What is it like to be a citizen of one nation subsumed within a larger nation whose fundamental economic, social, political and cultural goals are so often at odds? Edited by oral historian Sara Sinclair, How We Go Home: Voices From Indigenous North America aims to answer this question.
This Native American Heritage Month, I hope you’ve been able to read some of the amazing books by Native American writers that were released this year. If not, there’s still time—Because you should not only read books by Native writers this month, you should be reading them all year long!
Anyway, if there’s one book you read this month, make it How We Go Home: Voices From Indigenous North America which is out now by Voice of Witness and Haymarket Books. Edited by oral historian Sara Sinclair (Cree-Ojibwe), How We Go Home is a collection of twelve oral histories by Indigenous people from across Canada and the United States. Accessible and necessary, this volume shines a light on a wide variety of challenges and successes these Indigenous narrators have experienced throughout their lives.
Karla J. Strand had an opportunity to speak with Sara Sinclair about the book, its impact and the power of collective memory.
Karla J. Strand: First of all, Sara, I loved the book. It’s very moving, very candid. Can you say a bit about the book and how the idea for it came about?
Sara Sinclair: It really did feel like this series of serendipitous moments. I discovered this phrase “oral history” in the back of a Dave Eggers novel, [which described] this oral history series that Eggers founded, Voice of Witness.
I started madly Googling about oral history and understanding how it exists in so many different contexts but also how it’s becoming an academic practice. I then realized that I knew what oral history was because on both sides of my family it’s a really important part of culture: I have two grandparents who have participated in more formal oral history projects.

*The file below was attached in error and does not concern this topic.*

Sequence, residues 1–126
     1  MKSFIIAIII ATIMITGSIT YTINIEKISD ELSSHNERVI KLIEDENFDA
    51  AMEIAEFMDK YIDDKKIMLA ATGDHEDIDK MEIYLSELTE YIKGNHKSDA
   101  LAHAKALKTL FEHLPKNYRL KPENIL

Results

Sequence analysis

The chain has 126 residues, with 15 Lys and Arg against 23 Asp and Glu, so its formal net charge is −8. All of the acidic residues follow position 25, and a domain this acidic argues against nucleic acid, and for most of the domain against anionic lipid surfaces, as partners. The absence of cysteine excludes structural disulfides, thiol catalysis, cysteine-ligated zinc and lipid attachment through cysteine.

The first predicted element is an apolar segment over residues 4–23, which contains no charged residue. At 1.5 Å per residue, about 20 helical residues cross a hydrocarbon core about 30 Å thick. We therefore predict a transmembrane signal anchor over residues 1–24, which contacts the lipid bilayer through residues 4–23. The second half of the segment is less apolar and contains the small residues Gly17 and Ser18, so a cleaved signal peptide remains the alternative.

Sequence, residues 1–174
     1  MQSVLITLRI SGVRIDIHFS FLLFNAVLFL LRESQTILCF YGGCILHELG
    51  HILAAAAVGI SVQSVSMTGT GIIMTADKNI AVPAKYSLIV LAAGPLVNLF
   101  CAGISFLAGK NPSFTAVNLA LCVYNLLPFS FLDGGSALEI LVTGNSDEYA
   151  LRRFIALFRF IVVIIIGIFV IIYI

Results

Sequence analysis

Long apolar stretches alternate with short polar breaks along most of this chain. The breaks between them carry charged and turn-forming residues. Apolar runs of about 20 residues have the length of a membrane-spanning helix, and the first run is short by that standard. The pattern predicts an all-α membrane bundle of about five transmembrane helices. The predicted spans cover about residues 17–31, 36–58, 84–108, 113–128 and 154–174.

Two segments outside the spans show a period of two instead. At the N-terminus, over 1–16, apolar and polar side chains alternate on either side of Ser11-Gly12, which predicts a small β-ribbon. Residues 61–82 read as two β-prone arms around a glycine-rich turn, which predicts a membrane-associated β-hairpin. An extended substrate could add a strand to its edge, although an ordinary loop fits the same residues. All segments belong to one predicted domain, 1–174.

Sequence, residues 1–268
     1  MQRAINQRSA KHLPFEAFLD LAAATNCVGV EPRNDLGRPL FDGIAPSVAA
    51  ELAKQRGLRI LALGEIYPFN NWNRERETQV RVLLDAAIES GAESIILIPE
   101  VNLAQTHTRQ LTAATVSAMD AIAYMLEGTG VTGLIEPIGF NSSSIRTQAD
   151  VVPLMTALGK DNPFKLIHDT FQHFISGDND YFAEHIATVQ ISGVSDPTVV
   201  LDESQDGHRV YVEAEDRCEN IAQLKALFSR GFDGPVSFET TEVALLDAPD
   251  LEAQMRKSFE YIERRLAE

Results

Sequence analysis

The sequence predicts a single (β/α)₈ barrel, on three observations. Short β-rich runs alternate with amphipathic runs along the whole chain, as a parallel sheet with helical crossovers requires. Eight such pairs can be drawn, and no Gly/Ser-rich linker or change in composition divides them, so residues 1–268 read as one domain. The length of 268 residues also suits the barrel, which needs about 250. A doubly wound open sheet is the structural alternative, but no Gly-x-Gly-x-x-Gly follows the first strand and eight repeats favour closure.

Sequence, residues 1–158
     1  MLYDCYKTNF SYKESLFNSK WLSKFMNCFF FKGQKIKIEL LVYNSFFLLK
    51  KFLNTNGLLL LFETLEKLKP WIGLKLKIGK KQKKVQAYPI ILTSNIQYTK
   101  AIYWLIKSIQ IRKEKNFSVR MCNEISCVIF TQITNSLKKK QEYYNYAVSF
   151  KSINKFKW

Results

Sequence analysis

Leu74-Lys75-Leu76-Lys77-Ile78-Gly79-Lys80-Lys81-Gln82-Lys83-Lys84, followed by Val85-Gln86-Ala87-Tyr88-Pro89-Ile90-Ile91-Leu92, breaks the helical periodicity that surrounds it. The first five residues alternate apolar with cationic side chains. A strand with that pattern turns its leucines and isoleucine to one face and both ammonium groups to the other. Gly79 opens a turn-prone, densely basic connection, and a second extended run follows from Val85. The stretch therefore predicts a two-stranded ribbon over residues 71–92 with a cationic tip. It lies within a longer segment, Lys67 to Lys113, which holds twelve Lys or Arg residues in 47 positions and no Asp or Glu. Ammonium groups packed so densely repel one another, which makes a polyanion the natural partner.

My father’s father was interviewed for the Truth and Reconciliation Commission (TRC) in Canada, which was essentially a huge oral history project that looked into the legacy of the Indian residential schools in Canada. And then my mother’s mother was a German Jewish refugee who was later in her life interviewed by the Shoah Foundation. So again, another huge oral history project, but I wasn’t familiar with [the term oral history]. Somehow it just resonated with me in a way that was ultimately life-changing.
I found the oral history master’s program at Columbia and I arrived with an interest in using it to amplify contemporary Indigenous narratives. That was the area that I felt the most interest in and also the area that I felt the most pressing need. I just was so conscious of the fact that my own experience growing up even in pretty progressive public schools in Toronto, the Native American story was so absent and so I was just really excited about the opportunity to work towards filling a pretty significant gap.
While I was at [Columbia], I did a thesis project [with] a very specific narrative arc: It was interviewing Native Americans specifically—I didn’t interview Canadians at that point—from reservation communities who left their Nations to attend elite academic institutions and then returned home again to work for their Nation.